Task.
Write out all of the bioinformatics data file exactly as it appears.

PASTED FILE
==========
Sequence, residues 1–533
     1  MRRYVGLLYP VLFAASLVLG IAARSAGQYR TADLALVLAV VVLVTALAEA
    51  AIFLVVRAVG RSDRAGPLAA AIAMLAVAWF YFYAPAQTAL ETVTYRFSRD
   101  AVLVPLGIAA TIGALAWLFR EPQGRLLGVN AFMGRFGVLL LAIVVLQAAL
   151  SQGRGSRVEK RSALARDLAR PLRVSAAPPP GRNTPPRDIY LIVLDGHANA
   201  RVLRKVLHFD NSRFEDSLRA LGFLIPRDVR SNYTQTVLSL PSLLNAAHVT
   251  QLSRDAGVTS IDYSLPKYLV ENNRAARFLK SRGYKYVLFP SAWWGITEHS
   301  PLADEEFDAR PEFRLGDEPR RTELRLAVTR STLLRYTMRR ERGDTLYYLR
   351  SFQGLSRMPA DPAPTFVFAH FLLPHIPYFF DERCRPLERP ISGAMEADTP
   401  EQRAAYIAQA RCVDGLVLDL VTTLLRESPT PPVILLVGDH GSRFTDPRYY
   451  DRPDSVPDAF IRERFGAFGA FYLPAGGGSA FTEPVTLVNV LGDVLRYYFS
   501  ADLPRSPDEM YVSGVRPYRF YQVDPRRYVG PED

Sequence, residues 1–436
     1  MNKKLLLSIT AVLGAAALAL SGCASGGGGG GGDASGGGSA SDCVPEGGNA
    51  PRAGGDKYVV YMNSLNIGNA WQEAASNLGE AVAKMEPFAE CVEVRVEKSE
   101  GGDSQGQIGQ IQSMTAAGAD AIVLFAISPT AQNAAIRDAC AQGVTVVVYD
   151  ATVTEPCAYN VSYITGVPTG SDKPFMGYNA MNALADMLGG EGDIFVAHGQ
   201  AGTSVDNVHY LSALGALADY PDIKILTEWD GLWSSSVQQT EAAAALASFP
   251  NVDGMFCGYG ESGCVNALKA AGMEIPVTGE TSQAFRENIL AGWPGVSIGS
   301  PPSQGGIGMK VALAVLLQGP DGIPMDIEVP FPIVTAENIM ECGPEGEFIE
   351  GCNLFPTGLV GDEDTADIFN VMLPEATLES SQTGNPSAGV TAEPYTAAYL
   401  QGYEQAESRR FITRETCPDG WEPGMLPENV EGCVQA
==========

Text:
Sequence, residues 1–533
     1  MRRYVGLLYP VLFAASLVLG IAARSAGQYR TADLALVLAV VVLVTALAEA
    51  AIFLVVRAVG RSDRAGPLAA AIAMLAVAWF YFYAPAQTAL ETVTYRFSRD
   101  AVLVPLGIAA TIGALAWLFR EPQGRLLGVN AFMGRFGVLL LAIVVLQAAL
   151  SQGRGSRVEK RSALARDLAR PLRVSAAPPP GRNTPPRDIY LIVLDGHANA
   201  RVLRKVLHFD NSRFEDSLRA LGFLIPRDVR SNYTQTVLSL PSLLNAAHVT
   251  QLSRDAGVTS IDYSLPKYLV ENNRAARFLK SRGYKYVLFP SAWWGITEHS
   301  PLADEEFDAR PEFRLGDEPR RTELRLAVTR STLLRYTMRR ERGDTLYYLR
   351  SFQGLSRMPA DPAPTFVFAH FLLPHIPYFF DERCRPLERP ISGAMEADTP
   401  EQRAAYIAQA RCVDGLVLDL VTTLLRESPT PPVILLVGDH GSRFTDPRYY
   451  DRPDSVPDAF IRERFGAFGA FYLPAGGGSA FTEPVTLVNV LGDVLRYYFS
   501  ADLPRSPDEM YVSGVRPYRF YQVDPRRYVG PED

Sequence, residues 1–436
     1  MNKKLLLSIT AVLGAAALAL SGCASGGGGG GGDASGGGSA SDCVPEGGNA
    51  PRAGGDKYVV YMNSLNIGNA WQEAASNLGE AVAKMEPFAE CVEVRVEKSE
   101  GGDSQGQIGQ IQSMTAAGAD AIVLFAISPT AQNAAIRDAC AQGVTVVVYD
   151  ATVTEPCAYN VSYITGVPTG SDKPFMGYNA MNALADMLGG EGDIFVAHGQ
   201  AGTSVDNVHY LSALGALADY PDIKILTEWD GLWSSSVQQT EAAAALASFP
   251  NVDGMFCGYG ESGCVNALKA AGMEIPVTGE TSQAFRENIL AGWPGVSIGS
   301  PPSQGGIGMK VALAVLLQGP DGIPMDIEVP FPIVTAENIM ECGPEGEFIE
   351  GCNLFPTGLV GDEDTADIFN VMLPEATLES SQTGNPSAGV TAEPYTAAYL
   401  QGYEQAESRR FITRETCPDG WEPGMLPENV EGCVQA